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Ethnic differences in the relationship between birth weight and type 2 diabetes mellitus in postmenopausal women.
- Author(s): Ryckman, KK;
- Rillamas-Sun, E;
- Spracklen, CN;
- Wallace, RB;
- Garcia, L;
- Tylavsky, FA;
- Howard, BV;
- Liu, S;
- Song, Y;
- LeBlanc, ES;
- White, MV;
- Parikh, NI;
- Robinson, JG
- et al.
Published Web Locationhttps://pubmed.ncbi.nlm.nih.gov/24751988/
No data is associated with this publication.
AimThe objective of this study is to examine the relationship between self-reported birth weight and the adult occurrence of type 2 diabetes mellitus in a large multi-ethnic population of women.
MethodsBaseline data from the Women's Health Initiative Observational Study [n=75,993] was used to examine the association between participant birth weight category and prevalent type 2 diabetes mellitus. Models were adjusted for age, ethnicity, body mass index and other pertinent risk factors. Sub-analyses were performed stratifying by ethnicity.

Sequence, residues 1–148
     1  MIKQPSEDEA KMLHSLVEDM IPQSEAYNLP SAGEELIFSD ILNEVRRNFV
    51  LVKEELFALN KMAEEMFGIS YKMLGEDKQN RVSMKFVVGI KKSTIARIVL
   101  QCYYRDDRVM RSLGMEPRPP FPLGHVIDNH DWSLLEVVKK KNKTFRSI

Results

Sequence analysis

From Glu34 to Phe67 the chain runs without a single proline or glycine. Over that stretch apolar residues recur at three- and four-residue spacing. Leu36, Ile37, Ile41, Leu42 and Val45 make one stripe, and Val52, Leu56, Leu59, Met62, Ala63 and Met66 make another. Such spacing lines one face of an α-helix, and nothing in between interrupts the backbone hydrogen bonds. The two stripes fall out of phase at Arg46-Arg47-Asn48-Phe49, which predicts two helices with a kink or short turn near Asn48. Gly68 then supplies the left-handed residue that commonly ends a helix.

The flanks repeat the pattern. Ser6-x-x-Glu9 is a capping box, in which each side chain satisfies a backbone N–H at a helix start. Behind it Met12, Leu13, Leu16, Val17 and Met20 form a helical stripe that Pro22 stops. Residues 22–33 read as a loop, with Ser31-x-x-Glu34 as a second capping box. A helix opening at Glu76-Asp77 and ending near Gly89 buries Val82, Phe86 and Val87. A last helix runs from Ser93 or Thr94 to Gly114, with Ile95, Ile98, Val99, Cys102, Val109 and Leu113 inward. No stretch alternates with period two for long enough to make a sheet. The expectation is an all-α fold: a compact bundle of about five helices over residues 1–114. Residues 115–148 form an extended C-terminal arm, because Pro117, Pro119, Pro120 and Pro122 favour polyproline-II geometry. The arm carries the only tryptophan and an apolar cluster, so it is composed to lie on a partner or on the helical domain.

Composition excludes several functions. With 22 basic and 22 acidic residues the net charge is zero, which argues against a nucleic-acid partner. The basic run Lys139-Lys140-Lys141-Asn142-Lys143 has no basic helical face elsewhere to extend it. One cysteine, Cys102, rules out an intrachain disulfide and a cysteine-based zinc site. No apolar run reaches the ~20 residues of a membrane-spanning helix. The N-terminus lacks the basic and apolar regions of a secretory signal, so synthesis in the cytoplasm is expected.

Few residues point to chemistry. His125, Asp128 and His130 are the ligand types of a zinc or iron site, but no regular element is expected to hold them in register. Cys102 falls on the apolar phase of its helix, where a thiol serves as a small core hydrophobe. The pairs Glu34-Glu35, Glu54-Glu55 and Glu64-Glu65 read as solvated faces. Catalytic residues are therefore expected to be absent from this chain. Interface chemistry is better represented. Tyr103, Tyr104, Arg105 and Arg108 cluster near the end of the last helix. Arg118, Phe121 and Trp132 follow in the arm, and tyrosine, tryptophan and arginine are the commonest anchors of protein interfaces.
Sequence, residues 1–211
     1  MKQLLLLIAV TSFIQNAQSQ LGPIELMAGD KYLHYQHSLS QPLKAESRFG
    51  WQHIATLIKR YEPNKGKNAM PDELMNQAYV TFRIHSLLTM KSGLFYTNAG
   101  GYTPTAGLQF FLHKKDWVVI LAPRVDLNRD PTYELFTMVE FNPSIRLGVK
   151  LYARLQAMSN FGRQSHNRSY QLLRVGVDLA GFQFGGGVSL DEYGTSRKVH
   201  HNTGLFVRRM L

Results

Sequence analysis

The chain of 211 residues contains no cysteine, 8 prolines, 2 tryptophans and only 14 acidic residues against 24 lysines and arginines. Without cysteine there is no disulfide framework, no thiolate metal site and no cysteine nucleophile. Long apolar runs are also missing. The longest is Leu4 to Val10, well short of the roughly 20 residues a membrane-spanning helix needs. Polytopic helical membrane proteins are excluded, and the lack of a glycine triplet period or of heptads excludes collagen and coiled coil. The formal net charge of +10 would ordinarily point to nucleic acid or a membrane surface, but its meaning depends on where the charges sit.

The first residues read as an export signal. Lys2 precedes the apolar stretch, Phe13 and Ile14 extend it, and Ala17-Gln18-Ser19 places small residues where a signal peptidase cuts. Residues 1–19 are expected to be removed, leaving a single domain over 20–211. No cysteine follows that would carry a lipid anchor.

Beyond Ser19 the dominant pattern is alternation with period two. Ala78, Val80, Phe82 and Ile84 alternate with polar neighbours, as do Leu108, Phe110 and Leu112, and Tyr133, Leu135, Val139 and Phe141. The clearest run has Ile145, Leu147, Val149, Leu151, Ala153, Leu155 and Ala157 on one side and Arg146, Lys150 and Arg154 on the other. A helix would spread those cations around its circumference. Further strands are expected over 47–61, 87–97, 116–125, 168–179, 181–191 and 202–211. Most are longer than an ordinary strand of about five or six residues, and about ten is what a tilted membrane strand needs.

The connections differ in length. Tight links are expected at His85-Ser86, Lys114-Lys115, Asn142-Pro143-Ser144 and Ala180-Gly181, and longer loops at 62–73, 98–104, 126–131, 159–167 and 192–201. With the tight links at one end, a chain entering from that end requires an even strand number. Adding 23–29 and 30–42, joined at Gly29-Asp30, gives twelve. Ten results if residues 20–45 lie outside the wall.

ResultsThere was a strong inverse association between birth weight and type 2 diabetes mellitus with a birth weight of <6 pounds (lbs) (OR: 1.16, 95% CI: 1.01, 1.33) significantly associated with an increased risk of type 2 diabetes mellitus and a birth weight of ≥10 lbs (OR: 0.72, 95% CI: 0.57, 0.92) associated with a decreased risk of type 2 diabetes mellitus compared to women who reported their birth weight between 7 and 8 lbs 15 ounces (oz). Stratifying by ethnicity, the inverse association between birth weight and type 2 diabetes mellitus was only apparent in White women, but not Black, Hispanic or Asian women.
ConclusionLower birth weight was associated with increased T2D risk in American White and Black post-menopausal women.
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